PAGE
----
10 Interview Questions to Help You Separate Content Marketing Rock Stars From Wannabes

10 Interview Questions to Help You Separate Content Marketing Rock Stars From Wannabes. Why do you want to work here? The right candidate should know that creating great content isn’t enough to make it go viral; that only happens when it’s shared by someone who can get the ball rolling. Are they not proud of the content because they don’t like the idea, the execution, or the response it had? Neil Patel once wrote about how SEO is all about content marketing, noting that too many marketers treat the two subjects like this: As he explains, marketers ought to see SEO and content marketing like this: Rock star content marketers should understand the importance of keyword research and the placement of those words and phrases within content and meta tags. Don’t automatically write off the candidates who say they measure their content’s success from social shares and links, but expect a better answer from content marketing rock stars. The key is that the candidates answer the question. What is important is that they can answer the question. What questions do you ask a prospective content marketer to help separate the rock stars from the wannabes? Want to be able to have a great answer to No.

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Before I begin, I want to say, “Thank you, internet,” for spawning countless occupations that simply couldn’t exist without you: web designers, app developers, SEOs, and, of course, content marketers. Plenty of the roles suit both creatives and techies.

Digital careers are relatively new and exciting, both for employees and employers. That is, aside from one small problem: How do you pinpoint the best candidate to fill a role that didn’t even exist a few years ago?

We’re all familiar with the typical interview questions:

  • What are your weaknesses?
  • Why do you want to work here?
  • Where do you see yourself five years from now?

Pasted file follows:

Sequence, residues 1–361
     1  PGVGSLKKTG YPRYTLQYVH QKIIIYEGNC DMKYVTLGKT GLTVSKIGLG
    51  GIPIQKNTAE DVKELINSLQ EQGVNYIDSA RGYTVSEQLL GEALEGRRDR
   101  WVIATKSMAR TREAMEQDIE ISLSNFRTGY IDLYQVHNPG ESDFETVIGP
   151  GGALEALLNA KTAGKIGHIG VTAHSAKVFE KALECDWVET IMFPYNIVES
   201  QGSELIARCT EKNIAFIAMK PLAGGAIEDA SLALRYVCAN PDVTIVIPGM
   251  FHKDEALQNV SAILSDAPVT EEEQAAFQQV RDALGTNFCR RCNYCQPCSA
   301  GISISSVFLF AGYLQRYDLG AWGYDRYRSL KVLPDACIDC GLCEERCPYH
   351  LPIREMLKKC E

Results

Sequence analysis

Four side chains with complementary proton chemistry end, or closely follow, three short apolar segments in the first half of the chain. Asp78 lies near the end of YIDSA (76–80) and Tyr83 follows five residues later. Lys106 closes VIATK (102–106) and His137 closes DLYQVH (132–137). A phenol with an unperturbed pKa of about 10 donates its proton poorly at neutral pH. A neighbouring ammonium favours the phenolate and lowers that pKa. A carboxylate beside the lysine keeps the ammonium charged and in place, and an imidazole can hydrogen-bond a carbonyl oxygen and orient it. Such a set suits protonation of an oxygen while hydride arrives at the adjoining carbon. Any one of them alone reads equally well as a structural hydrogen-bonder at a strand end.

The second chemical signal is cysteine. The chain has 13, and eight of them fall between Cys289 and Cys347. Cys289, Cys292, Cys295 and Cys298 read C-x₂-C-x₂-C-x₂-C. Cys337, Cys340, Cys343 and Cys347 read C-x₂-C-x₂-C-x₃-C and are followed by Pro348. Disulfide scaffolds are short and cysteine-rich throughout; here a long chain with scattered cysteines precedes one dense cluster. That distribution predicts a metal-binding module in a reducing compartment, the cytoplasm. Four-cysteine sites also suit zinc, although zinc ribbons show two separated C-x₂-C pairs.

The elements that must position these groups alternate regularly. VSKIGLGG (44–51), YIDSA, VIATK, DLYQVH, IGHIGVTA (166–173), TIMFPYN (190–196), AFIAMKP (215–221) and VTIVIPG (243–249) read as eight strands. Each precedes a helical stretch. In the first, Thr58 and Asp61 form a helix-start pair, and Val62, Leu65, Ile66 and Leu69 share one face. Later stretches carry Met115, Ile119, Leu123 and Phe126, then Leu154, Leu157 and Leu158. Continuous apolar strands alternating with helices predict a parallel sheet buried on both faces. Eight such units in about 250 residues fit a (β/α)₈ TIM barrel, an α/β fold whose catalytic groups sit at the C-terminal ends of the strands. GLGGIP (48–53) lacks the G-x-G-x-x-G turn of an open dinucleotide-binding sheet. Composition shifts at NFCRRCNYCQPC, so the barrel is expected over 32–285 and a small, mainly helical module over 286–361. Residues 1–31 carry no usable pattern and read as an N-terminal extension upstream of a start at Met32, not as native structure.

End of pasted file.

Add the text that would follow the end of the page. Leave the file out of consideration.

There’s nothing wrong with these questions in principle, but they reveal little about someone’s suitability for filling a digital role – content roles included.

Perhaps more worrisome, the digital industry seems to be a culture of inflated egos. It’s easy to exaggerate skill sets hiding behind a screen, and it’s understandable why someone might want to. Unfortunately, this attitude often extends offline and into the office.

Faced with the potential of having both content marketing rock stars – and the wannabes – knocking on your door, how do you separate them?

Here are 10 questions you can ask.

1. How do you generate ideas?

Does the candidate lead a monthly scheduled brainstorming session, sitting down with the team to hash out ideas? Or is the candidate thinking about the next viral hit during the commute to work, while consuming content others have created, or even as they sleep?

Rock star content marketers don’t resign idea generation to a meeting room or whiteboard. They understand that such a regimented, pressured environment rarely leads to great ideas. They know that the best ideas often arrive unexpectedly.

The greatest content marketers are always prepared. They know that the concept that could lead to their next winning idea could come to them anywhere, at any time. They’re never without a way to jot it down – whether that means a pen and paper on the nightstand or an app like Evernote on their phone.

2. How do you decide whether an idea has legs?

The ability to listen to and trust your instincts is important in all areas of your life, not just content marketing. People who rely entirely on what they believe will work, however, are a liability. A great content marketer uses facts and logic alongside instinct to assess whether an idea is worth pursuing.

A great answer to this question might entail a rundown of some of the key principles of successful content. For example, great content should be:

  • Simple – It is easy to understand.
  • Unexpected – It stands out and surprises its audience.
  • Emotional – It makes an audience feel (whether that’s happiness, sadness, or something in between).
  • Actionable – It should inspire the consumer to take action on account of it (usually, that means sharing it).

The best content marketers will run through these principles before moving forward with an idea and should be able to explain them to you in an interview setting.

3. How do you promote your content?

Ask candidates to talk you through their process for promoting content. The right candidate should know that creating great content isn’t enough to make it go viral; that only happens when it’s shared by someone who can get the ball rolling.

Sure, once that ball starts rolling, a content marketer can sit back and watch the rewards come in. Until that happens, though, it’s full steam ahead. Sending out 20 emails and hoping for the best simply isn’t good enough to promote content successfully.

There are no set rules about how much time we ought to invest in promoting content. For some, it’s a 50/50 split. Social Triggers’ Derek Halpern recommends that marketers spend 20% of their time creating content and 80% promoting it.

There’s no right answer.

What matters is the candidates’ ability to talk through a variety of tactics that they employ to promote content. You want to weed out any one-trick ponies. A good answer would be composed of a variety of…

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